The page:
Page Banner

United States Department of Agriculture

Agricultural Research Service

Title: Effects of Insect Preference for Healthy or Infected Plants on Spread of an Inspect Vectored Plant Pathogen: Insights from a Model

Author
item Sisterson, Mark

Submitted to: Journal of Economic Entomology
Publication Type: Peer Reviewed Journal
Publication Acceptance Date: September 17, 2007
Publication Date: January 1, 2008
Citation: Sisterson, M.S. 2008. Effects of Insect Preference for Healthy or Infected Plants on Spread of an Inspect Vectored Plant Pathogen: Insights from a Model. Journal of Economic Entomology 101: 1-8.

Interpretive Summary: Insects vector many important crop pathogens. Infection of a plant by a pathogen may make the plant more or less attractive to the insect vector. Thus, preference or aversion to infected plants is thought to effect pathogen spread. Simulation models can be used to help understand how insect preference for healthy or infected plants may influence pathogen spread. Previous modeling work has shown that such preference does indeed influence pathogen spread. However, interactions of insect preference with other important model parameters were not investigated. Simulations with and without insect preference for healthy or infected plants were compared under different assumptions about insect abundance, insect movement, and initial pathogen load. With low values of these three important parameters simulations with and without preference differed greatly. However, when values of these three parameters where high simulations with and without preference were similar. Thus, insect preference for healthy or infected plants may not always be helpful in explaining patterns of pathogen spread. The knowledge gained from this study will help researchers and funding agencies determine the characteristics of insect-vector-pathogen systems where knowledge of insect preference could be valuable in developing disease management plans.

Technical Abstract: 1. Insects vector many important crop pathogens. Infected plants may be more or less attractive to insect vectors. Previous models have shown that insect preference or aversion to infected plants can have important effects on pathogen spread. However, interactions with other key epidemiological parameters such as insect density, movement, and initial pathogen load have not been considered. 2. The effects of short- and long-range preference or aversion to infected plants were examined with a spatially explicit simulation model under different assumptions about insect density, insect movement, and initial pathogen load. 3. With short-range preference or aversion to infected plants, insects selected infected and healthy plants at the same rate, but spent longer or shorter periods of time on infected plants than healthy plants depending on their preference. With low insect density, movement, and initial pathogen load, pathogen spread was faster with short-range preference for healthy plants than with short-range aversion to infected plants. However, increasing insect density, movement, or initial pathogen load reduced the difference between simulations with and without short-range preference. 4. With long-range preference, insects remained on healthy and infected plants for the same length of time. However, when insects moved they preferentially selected healthy or infected plants depending on their preference. With low insect density, movement, and initial pathogen load, long-range aversion to infected plants slowed pathogen spread when few plants were infected, but accelerated pathogen spread when most plants were infected. In contrast, long-range preference for infected plants accelerated pathogen spread when few plants were infected, but slowed pathogen spread when most plants were infected. Increasing insect density, movement, or initial pathogen load reduced the difference between simulations with and without long-range preference. 5. Synthesis and applications. Short- and long-range preference or aversion to infected plants influenced pathogen spread. However, the importance of including either type of preference in the model depended on assumptions about insect density, movement, and initial pathogen load. Thus, knowledge of insect preference or aversion to infected plants will be more likely to help explain patterns of pathogen spread for systems that typically have low values for these parameters.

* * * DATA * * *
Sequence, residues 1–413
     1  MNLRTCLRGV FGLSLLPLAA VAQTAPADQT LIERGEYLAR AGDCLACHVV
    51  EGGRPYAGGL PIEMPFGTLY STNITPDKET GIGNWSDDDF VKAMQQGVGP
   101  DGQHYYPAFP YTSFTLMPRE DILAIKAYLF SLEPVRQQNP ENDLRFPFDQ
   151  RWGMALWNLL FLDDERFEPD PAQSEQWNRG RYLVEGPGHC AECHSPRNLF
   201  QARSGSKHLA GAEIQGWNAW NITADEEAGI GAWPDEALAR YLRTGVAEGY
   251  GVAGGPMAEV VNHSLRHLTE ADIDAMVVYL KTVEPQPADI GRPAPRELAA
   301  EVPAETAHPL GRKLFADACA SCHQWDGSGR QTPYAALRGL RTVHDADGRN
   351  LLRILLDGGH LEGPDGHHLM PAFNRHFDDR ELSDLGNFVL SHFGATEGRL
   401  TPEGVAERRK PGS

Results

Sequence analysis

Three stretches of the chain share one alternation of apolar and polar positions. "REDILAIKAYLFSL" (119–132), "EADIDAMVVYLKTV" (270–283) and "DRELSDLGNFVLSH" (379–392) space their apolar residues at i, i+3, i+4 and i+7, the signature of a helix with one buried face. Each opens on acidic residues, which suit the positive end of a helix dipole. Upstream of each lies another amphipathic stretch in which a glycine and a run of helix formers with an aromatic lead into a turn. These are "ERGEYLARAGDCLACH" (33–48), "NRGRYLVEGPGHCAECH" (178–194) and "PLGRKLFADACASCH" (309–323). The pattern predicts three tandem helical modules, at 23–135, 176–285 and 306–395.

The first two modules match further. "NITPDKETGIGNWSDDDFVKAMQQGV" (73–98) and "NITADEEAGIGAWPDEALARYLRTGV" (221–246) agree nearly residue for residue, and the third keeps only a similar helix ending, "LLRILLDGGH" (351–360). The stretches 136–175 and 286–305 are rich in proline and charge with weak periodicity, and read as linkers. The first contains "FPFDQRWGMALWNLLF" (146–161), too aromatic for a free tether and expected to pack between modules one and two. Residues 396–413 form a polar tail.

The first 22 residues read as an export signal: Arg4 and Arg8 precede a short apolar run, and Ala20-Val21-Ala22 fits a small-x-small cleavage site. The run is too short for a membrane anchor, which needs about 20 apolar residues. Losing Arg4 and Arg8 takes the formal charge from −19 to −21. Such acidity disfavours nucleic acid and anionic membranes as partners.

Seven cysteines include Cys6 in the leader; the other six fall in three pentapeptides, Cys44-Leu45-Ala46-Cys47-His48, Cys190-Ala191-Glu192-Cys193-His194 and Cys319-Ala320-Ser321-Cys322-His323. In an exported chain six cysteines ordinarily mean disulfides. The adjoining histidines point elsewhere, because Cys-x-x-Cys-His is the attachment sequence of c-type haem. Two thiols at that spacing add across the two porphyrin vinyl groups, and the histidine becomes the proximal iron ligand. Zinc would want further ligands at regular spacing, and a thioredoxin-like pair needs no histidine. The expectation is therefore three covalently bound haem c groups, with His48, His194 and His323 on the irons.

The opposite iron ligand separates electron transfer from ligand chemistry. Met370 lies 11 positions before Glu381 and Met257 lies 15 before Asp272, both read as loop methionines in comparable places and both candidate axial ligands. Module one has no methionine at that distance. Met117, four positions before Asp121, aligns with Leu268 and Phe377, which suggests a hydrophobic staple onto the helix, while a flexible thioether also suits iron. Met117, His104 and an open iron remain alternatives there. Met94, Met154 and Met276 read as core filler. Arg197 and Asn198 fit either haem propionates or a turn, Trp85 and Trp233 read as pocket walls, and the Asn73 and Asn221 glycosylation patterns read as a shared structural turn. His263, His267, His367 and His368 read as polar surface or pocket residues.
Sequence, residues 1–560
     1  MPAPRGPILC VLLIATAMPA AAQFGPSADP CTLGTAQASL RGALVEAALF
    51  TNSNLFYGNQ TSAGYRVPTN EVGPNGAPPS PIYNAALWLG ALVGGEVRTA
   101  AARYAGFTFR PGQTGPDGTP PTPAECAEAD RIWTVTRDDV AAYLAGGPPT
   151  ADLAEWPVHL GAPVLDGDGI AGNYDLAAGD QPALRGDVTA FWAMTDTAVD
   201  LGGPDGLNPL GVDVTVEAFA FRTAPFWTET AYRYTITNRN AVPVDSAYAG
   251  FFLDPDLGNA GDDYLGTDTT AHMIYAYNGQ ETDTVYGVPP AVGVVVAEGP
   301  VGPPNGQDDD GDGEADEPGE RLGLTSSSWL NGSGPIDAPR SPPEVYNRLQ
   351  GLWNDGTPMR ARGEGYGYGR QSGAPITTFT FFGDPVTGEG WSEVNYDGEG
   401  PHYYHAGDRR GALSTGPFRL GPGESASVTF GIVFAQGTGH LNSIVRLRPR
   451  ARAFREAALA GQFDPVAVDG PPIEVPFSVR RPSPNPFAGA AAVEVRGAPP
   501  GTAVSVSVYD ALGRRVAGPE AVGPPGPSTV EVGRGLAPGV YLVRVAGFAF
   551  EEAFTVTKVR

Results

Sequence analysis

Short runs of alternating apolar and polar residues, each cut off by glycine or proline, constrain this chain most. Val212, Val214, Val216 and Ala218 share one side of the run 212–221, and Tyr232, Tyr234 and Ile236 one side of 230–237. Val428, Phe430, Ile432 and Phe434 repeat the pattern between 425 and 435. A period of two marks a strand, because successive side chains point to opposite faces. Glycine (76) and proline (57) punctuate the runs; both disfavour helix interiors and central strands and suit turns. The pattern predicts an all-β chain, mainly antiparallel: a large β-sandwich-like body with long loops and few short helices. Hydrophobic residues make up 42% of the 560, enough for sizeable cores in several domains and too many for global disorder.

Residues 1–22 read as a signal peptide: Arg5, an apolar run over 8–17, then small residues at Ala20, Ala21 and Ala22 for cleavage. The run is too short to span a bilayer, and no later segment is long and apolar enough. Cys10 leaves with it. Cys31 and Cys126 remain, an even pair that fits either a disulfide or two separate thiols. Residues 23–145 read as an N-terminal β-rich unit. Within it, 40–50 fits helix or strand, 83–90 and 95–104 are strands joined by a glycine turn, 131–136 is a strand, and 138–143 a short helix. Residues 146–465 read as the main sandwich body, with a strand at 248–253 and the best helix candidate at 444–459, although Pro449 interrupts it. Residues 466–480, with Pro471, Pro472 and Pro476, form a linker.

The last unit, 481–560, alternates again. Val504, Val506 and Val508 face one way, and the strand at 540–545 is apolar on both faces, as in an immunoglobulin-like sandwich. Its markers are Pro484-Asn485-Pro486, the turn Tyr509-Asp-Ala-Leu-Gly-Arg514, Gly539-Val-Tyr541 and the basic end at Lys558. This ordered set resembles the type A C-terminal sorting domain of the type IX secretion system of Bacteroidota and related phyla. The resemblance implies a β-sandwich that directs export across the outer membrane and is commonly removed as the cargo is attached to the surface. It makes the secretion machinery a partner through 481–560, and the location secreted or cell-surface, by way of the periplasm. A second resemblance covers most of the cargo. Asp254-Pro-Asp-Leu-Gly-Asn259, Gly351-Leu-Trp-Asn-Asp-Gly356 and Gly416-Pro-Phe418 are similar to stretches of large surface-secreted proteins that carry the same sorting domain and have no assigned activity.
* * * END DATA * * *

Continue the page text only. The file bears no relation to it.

Last Modified: 7/23/2014
Footer Content Back to Top of Page